BACKGROUND AND PURPOSE
Under current law, an elected county or precinct officer may decline compensation by filing an affidavit within 5 days of taking office, stating the decision not to be paid for the officer's services. As written, this procedure allows candidates to campaign by claiming that they will not accept compensation if elected, but does not require them to follow through with the campaign promise. House Bill 2154 attempts to prevent this by authorizing a candidate to file an irrevocable affidavit at any time during the election, stating that the candidate intends to decline compensation if elected.
It is the committee's opinion that this bill does not expressly grant any additional rulemaking authority to a state officer, department, agency, or institution.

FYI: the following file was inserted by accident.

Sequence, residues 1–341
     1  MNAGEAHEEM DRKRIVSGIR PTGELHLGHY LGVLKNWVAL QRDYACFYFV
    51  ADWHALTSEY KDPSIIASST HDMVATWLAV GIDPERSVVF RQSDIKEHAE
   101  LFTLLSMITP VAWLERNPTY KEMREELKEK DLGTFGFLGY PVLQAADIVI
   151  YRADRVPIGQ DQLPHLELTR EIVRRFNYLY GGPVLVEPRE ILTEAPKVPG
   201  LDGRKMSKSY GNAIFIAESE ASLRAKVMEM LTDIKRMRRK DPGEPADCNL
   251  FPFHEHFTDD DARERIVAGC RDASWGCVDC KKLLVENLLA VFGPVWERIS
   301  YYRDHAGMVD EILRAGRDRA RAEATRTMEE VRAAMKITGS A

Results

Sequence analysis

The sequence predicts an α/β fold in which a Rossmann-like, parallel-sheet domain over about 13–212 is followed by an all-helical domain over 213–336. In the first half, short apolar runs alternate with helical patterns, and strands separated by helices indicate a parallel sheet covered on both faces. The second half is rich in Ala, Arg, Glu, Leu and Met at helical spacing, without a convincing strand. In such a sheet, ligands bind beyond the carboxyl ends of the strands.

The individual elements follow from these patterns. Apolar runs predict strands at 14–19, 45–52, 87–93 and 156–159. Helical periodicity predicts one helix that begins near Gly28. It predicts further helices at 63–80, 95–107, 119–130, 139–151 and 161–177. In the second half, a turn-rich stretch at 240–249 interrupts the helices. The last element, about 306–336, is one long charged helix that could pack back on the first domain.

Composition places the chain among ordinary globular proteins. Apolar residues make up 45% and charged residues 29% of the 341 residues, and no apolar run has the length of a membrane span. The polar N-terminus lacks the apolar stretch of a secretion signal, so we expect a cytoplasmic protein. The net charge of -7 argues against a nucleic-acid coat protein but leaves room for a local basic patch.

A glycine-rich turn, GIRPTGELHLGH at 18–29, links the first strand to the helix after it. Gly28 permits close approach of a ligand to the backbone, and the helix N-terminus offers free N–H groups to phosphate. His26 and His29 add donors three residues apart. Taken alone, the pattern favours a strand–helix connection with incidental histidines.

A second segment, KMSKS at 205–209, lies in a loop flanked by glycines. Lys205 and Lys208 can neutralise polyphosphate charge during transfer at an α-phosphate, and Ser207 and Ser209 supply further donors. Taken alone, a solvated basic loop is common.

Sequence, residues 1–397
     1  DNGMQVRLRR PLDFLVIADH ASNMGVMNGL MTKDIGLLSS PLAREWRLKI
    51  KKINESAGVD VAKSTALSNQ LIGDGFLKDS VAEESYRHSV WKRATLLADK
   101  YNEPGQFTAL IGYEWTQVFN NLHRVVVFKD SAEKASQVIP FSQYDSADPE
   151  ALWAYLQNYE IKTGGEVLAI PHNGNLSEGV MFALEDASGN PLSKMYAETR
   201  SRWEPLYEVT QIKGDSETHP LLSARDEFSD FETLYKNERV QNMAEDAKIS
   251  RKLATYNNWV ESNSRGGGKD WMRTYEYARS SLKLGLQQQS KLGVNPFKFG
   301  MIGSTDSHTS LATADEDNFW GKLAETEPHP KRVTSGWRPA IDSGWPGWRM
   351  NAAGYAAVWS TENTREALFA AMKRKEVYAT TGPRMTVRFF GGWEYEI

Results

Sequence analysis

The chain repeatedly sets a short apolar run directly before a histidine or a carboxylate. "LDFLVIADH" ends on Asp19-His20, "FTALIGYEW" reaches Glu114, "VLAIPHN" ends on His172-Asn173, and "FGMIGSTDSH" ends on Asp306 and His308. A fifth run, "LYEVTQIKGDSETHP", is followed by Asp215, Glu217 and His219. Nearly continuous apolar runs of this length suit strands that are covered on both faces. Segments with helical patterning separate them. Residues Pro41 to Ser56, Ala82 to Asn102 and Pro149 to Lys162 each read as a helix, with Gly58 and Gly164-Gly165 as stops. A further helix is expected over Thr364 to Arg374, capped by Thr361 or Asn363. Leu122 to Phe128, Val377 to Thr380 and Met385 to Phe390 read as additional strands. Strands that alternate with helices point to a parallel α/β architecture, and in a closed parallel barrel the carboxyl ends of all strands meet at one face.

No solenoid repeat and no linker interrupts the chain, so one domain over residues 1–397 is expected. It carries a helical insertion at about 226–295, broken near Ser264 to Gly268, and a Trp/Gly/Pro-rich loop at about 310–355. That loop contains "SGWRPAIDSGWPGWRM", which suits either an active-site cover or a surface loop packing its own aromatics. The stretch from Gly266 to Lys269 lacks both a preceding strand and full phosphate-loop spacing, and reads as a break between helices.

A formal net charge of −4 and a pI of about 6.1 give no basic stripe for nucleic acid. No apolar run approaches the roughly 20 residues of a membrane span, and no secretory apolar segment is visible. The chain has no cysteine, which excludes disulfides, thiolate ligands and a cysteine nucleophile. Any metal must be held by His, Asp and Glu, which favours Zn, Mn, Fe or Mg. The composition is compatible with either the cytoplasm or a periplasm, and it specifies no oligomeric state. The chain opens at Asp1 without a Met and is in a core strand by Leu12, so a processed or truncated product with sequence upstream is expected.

House Bill 2154 amends the Local Government Code by authorizing a person who is a candidate for a county or precinct office to file an affidavit with the county clerk at any time before the election, stating that the person elects to decline compensation for that office, including salary and benefits, if elected. The bill requires the county clerk to promptly send a copy of the affidavit to the county payroll officer.
The bill provides that the declination takes effect on the date the person takes office and continues through the term. The bill prohibits an officer who declined compensation from revoking the declination during the term of the office.
Upon passage, or if the Act does not receive a vote of two-thirds of the members elected to each house, September 1, 2005.